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Readings: Is 48:17-19; Ps 1:1-4 and 6; Mt 11:16-19

In the gospel reading of today, Jesus pours out His frustration with people such as the Pharisees and the scribes who were criticizing Him and John the Baptist. Although they lived their lives differently, the Pharisees and other religious authorities did not accept both of them. As in the time of Jesus, the people in our age have different demands and responses to situations. They have different and sometimes opposing criteria in judging things and situations such that we can never please everybody. No matter what we do, people will always criticize us. They have lots of unreasonable demands from others but which they themselves are incapable of doing.

We need to have Eyes of Faith: God comes to us in many and various ways each day. Sometimes He reveals His goodness to us when He allows us to succeed in life. Other times He permits trials in our lives, so that, we can cling more surely to Him. The proper response to God’s constant action in our lives will only be possible if we can discern that it is indeed God who is acting –– that it is God who is “playing the flute for us” or “singing a dirge for us.” Therefore, my dear brothers and sisters, we need the eyes of faith.

Wisdom is Vindicated by Her Works: Despite the rejection and harsh judgments of many, Jesus went about doing good. This is what He meant when He said that;

“wisdom is vindicated by her works.” In the same vein, He also taught that you could recognize a tree by its fruits. Knowing how easy it is to misjudge others, I cannot permit myself to worry about what others may say or think of me. Rather I need to be busy like Jesus, going about doing good. Good actions speak for themselves, even if it may take a while for others to perceive or appreciate them. When we trustfully follow along to the flute or the dirge Our Lord is playing for us, we do so for His sake and for the sake of spreading His message.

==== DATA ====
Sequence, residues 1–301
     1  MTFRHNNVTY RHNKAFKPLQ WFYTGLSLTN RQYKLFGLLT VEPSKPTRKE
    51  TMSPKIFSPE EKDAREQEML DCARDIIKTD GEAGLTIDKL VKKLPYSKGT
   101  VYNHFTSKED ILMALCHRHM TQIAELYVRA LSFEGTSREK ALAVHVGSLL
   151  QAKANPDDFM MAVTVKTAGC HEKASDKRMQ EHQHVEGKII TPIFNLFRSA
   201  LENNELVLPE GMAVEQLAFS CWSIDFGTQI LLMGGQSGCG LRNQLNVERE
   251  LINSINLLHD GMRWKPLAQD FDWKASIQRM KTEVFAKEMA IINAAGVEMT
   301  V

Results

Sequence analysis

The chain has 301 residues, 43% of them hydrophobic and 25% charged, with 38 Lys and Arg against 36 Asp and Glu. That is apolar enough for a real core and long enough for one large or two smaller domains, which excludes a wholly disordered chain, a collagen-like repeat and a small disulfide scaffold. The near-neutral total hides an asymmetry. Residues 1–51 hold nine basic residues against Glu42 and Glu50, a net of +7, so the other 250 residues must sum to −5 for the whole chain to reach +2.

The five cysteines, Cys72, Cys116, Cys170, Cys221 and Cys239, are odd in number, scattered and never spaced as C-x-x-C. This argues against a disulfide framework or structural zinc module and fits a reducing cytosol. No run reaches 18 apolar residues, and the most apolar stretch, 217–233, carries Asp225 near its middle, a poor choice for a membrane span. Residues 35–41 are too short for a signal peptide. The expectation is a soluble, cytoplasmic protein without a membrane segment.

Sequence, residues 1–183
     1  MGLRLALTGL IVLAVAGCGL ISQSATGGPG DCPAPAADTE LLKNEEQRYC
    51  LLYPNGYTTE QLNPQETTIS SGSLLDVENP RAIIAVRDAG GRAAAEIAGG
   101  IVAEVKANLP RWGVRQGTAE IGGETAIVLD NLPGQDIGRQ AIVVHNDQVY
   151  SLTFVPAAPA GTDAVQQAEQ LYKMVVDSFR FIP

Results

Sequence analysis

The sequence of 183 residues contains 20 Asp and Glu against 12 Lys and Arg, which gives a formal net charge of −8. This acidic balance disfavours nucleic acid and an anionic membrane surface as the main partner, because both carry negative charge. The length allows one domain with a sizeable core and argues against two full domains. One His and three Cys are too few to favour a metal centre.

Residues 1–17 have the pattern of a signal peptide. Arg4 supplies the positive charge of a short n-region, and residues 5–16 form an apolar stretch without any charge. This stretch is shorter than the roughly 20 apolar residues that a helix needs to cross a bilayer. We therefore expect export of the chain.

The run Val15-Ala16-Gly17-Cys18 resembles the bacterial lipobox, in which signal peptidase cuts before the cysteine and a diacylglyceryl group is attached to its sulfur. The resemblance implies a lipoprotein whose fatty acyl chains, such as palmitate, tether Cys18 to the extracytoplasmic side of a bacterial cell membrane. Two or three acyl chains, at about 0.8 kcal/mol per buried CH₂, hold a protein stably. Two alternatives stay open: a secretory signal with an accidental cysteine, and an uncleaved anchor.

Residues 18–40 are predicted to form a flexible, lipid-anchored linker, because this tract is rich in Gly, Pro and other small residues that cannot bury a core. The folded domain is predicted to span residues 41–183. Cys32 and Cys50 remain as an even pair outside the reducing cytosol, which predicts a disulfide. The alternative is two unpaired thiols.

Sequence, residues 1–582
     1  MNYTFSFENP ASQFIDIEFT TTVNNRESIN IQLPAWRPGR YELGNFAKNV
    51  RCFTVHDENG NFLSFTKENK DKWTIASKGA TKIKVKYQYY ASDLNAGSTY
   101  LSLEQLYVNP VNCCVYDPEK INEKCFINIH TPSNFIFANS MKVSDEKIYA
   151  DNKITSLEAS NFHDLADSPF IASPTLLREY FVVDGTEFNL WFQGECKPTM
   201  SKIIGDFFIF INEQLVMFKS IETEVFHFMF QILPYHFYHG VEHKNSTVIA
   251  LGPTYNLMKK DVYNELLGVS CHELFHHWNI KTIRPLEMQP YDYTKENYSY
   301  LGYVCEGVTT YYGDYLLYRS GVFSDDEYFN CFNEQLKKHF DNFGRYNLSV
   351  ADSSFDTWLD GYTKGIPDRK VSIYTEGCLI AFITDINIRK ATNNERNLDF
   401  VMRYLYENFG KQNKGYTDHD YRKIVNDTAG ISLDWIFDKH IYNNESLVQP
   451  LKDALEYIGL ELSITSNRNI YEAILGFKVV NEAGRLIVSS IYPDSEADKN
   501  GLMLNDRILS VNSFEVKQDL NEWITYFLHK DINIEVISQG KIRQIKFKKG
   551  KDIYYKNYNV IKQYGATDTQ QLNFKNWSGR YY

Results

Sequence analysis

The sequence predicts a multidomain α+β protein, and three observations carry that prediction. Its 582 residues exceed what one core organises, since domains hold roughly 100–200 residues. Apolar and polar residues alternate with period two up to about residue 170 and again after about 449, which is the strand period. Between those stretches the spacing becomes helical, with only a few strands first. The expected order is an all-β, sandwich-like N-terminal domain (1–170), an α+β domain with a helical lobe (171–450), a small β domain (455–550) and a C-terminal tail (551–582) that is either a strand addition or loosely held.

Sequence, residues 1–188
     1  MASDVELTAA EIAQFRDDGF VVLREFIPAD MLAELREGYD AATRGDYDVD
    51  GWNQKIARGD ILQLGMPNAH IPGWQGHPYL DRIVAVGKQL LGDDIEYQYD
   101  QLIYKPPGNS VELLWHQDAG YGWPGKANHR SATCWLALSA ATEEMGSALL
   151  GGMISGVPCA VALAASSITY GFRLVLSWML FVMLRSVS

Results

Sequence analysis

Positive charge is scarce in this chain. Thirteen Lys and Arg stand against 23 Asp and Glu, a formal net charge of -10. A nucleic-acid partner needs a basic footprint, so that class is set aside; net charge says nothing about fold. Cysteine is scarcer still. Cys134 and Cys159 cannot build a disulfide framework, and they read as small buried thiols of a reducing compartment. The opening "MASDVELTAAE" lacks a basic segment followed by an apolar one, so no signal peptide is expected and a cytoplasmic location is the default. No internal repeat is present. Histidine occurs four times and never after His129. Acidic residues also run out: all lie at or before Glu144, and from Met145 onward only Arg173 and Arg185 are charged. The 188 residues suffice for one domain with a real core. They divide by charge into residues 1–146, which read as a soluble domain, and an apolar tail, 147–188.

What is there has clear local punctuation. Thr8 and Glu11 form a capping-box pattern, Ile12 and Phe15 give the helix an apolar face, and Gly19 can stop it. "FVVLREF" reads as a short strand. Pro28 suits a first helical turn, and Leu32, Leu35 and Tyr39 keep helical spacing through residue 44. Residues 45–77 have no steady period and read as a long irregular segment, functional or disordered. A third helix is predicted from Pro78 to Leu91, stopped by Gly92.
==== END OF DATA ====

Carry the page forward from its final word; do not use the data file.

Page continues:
Let us be reminded of the golden rule. If we don’t like people to criticize us, then let us stop being critical of them. Instead, let us develop the habit of understanding their situation and continually engaging with them in a positive manner. Thus, even when people judge us unfairly, we know better than, to get mad at them. That means, we are not so much affected by people’s reactions. If we continue to do good, time will come when we shall get vindicated. That is the wisdom of being good. Jesus’ words to the Pharisees must have angered them and perhaps solidified their belief that this man needed “to be taken care of.” How dare Jesus criticize them publicly! Yet I wonder if one or two or three of the Pharisees took Jesus’ words to heart.

In our first reading, Prophet Isaiah assures us that it is the Lord God who teaches us and guides us. We ought, therefore, to not only listen to His commandments but also dance to His tune because we are guaranteed by the Psalmist today that, “He who follows Him will have the light of life”. Advent calls on us to be attentive to the presence of the Lord, and to His call, in and through the various circumstances of our lives, including those circumstances we might be tempted to dismiss as having nothing to teach us. Let us dance to the tune of the Lord.


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